Explore the fabric of America over hot coffee and penny candy. Step through the wooden doors of a New England general store and step back in time, into a Norman Rockwell painting and into the heart of America. New England's General Stores offers a nostalgic picture of this colonial staple and, fortunately, steadfast institution of small towns from Connecticut to Maine. This is where children of each generation take their first allowance to buy their very own penny candy. Locals have swapped stories at these counters from gossip to whispers of revolution. In tough times, the general store treated customers like family, extending credit when no one else would. Stubborn as New Englanders themselves, the general store has refused to become a mere sentimental relic of an earlier age.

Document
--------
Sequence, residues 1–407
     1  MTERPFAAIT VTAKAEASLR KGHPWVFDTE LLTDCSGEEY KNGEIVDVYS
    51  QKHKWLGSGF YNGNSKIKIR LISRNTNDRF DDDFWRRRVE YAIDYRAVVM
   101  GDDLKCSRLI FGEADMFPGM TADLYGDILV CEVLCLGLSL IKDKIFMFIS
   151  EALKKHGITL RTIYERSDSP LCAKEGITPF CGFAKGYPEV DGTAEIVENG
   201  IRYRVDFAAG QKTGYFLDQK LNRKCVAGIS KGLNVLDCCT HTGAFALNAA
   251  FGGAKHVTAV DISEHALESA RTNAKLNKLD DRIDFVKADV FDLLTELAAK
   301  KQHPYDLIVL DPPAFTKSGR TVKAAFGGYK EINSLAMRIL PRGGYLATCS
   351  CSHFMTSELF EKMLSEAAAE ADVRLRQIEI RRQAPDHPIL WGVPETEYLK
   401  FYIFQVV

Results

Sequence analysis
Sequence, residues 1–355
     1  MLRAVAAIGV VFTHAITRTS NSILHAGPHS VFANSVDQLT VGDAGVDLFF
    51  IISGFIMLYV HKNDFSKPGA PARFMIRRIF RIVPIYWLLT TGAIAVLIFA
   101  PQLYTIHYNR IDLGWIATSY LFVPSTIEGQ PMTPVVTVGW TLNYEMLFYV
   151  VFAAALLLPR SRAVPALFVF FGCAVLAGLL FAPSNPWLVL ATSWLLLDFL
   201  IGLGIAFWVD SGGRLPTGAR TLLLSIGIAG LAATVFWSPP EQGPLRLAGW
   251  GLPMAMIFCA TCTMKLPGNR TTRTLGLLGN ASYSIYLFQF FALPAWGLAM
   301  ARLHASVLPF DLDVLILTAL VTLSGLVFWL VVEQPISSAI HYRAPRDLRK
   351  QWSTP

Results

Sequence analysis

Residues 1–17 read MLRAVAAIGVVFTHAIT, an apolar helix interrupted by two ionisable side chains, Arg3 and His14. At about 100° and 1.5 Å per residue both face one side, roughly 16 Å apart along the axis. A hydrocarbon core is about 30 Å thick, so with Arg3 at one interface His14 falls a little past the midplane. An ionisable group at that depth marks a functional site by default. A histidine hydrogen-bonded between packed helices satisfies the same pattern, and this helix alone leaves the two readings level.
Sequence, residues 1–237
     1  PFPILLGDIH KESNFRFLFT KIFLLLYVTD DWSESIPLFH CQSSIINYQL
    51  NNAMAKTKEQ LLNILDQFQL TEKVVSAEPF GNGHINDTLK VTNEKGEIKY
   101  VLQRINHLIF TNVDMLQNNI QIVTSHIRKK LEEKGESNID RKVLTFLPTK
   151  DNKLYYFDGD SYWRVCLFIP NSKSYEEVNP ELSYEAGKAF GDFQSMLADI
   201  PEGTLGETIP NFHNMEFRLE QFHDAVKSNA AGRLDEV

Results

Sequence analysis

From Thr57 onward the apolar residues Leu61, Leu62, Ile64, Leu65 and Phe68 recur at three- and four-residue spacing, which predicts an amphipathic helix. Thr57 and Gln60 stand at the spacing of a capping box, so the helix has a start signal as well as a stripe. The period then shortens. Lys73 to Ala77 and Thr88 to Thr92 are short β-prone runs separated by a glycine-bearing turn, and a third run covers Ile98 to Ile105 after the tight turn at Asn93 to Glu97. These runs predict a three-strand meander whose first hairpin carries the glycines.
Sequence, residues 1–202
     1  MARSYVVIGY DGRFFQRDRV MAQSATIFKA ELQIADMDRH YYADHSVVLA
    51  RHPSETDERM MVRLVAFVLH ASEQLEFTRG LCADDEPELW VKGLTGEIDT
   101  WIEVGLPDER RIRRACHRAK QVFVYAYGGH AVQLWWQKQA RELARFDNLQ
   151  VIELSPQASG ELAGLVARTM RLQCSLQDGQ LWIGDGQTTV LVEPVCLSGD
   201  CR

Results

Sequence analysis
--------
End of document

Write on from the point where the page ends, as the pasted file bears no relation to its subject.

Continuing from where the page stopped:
About the Author
Ted Reinstein has been a reporter for "Chronicle," WCVB-TV/Boston's award-winning--and America's longest-running, locally-produced--nightly news magazine since 1997. In addition, he is a regular contributor for the station's political roundtable show and writes a weekly opinion column. He lives just west of Boston with his wife and two daughters. He is the author of Globe Pequot's New England Notebook and the upcoming Wicked Pissed: New England's Most Famous Feuds.